The District Manager+ Leadership Experience, attended by 2,000, marks a pivotal moment in the Starbucks Reinvention plan.
Anne Gamache, a Starbucks district manager in Alaska, thinks a lot about wait times: specifically, how long it takes for cars to get in and out of the drive-thru lanes at each of the 13 Starbucks stores in her portfolio. And though there might be practical reasons – like the snow and bigger cars in her home state – Gamache is also a bottom-line, results-oriented person who’d like to move customers through faster.
“Seventy percent of the business is drive-thrus. We have long wait times,” Gamache said. “I can make all the excuses… but it does come back to instilling belief in my (store) partners (employees) that we can navigate our own complex unique situation because we are the business owners.”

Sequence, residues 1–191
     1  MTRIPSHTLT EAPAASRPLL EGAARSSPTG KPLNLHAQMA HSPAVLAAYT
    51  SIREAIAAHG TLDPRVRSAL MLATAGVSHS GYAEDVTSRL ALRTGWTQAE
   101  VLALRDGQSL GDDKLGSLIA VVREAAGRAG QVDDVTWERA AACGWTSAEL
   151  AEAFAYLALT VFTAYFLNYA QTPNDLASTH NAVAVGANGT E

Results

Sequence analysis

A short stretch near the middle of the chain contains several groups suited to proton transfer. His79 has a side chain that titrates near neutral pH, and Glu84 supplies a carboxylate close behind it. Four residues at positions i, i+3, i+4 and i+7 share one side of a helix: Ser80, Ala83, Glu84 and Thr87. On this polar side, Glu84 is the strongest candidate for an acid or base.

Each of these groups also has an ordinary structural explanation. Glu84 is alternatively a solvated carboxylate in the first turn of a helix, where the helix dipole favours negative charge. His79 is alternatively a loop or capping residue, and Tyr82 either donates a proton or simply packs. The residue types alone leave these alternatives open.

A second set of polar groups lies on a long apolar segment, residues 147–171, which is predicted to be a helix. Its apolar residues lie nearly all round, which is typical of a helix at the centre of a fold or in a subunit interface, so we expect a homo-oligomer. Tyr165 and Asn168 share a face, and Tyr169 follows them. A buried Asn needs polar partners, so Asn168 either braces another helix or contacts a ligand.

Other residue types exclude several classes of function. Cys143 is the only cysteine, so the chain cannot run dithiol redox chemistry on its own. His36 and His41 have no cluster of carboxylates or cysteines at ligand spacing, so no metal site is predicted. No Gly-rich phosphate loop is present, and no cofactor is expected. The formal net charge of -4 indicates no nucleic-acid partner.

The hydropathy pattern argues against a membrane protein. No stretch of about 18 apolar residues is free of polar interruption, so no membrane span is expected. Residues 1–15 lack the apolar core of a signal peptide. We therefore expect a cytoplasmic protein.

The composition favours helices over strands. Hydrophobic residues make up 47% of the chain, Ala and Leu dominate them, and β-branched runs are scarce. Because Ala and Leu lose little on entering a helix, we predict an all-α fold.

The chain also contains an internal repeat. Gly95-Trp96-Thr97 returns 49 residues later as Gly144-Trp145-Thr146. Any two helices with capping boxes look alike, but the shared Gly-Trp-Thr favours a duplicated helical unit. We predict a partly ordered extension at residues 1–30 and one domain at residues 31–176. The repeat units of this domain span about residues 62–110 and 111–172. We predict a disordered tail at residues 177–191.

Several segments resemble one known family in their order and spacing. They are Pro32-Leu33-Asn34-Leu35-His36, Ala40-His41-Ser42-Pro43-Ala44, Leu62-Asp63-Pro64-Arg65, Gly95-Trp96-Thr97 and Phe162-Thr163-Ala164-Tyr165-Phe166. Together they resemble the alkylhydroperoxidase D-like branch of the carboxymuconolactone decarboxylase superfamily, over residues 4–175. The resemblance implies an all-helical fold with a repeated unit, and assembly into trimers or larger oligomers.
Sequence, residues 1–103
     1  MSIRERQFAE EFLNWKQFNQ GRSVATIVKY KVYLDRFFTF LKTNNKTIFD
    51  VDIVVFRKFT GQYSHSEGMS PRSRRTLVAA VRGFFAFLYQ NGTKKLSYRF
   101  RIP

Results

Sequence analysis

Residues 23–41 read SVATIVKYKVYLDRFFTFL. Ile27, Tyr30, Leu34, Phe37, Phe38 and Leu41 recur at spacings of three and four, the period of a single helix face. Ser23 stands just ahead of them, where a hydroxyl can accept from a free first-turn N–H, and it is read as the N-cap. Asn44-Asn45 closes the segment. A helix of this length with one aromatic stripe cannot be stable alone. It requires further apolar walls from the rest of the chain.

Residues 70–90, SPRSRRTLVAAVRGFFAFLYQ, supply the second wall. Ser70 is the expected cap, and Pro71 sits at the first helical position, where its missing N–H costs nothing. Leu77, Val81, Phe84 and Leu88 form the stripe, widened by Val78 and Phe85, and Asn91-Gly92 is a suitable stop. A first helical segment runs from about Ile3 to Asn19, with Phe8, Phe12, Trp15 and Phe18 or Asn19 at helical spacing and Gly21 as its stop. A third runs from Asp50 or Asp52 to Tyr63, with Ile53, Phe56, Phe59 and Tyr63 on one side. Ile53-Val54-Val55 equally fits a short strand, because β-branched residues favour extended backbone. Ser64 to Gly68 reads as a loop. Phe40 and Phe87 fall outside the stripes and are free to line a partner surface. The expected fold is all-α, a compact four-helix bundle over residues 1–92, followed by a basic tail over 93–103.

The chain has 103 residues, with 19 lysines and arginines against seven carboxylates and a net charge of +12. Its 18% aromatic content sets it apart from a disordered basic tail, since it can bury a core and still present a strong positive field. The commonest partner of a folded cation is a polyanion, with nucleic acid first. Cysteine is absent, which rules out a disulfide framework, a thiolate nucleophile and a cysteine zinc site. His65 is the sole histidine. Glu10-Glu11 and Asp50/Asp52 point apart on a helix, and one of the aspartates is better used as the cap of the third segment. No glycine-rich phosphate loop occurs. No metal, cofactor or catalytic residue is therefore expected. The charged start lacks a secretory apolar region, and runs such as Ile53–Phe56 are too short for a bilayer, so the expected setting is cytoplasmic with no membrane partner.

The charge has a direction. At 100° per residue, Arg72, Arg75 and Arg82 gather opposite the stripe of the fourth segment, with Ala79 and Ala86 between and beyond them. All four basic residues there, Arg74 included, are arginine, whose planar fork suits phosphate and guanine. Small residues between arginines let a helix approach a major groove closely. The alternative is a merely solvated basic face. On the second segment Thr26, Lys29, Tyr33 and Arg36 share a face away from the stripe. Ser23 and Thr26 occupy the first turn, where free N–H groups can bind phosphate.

That theme – ownership of the business and accountability to results – headlined the Starbucks District Manager+ Leadership Experience in Seattle this week, a two-day gathering of almost 2,000 company retail leaders from across the U.S. and Canada. They were charged with bringing to life Starbucks Reinvention, a plan to invest billions into the business and modernize the Starbucks experience for both partners and customers.
“The future of Starbucks is sitting in this room,” said Howard Schultz, Starbucks chief executive officer, at the closing session at the Seattle Convention Center ballroom, after attending breakout sessions alongside retail partners.
‘The time to reset is now’
The event marked a shift, from Reinvention as a concept to implementing the first stages of execution. Starbucks leaders had spent the last six months listening to partners across the country and co-creating with them possibilities for a better future, amidst global economic uncertainties, the aftermath of the COVID-19 pandemic and ongoing labor and staffing issues.